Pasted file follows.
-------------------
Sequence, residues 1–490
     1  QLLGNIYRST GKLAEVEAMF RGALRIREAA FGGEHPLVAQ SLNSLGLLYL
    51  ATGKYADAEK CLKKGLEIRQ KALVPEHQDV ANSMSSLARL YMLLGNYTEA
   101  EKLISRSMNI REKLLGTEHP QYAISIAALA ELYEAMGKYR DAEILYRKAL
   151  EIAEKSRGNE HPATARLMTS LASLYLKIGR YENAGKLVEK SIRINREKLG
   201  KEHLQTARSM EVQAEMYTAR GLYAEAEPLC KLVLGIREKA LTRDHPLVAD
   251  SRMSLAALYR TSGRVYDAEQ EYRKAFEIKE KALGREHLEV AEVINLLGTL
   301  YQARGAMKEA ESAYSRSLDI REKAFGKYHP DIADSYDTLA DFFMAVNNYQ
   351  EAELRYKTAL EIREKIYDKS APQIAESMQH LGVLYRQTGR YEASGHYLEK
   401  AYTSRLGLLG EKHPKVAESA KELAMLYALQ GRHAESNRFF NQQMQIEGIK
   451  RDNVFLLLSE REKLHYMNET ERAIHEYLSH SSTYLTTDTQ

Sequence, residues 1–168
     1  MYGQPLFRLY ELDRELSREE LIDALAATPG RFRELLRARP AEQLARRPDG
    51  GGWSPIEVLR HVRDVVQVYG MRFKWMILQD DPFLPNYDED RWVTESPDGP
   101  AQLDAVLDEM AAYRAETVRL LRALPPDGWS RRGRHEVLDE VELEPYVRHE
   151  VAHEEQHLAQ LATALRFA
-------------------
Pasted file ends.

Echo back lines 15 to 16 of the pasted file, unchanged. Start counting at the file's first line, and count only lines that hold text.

   101  AQLDAVLDEM AAYRAETVRL LRALPPDGWS RRGRHEVLDE VELEPYVRHE
   151  VAHEEQHLAQ LATALRFA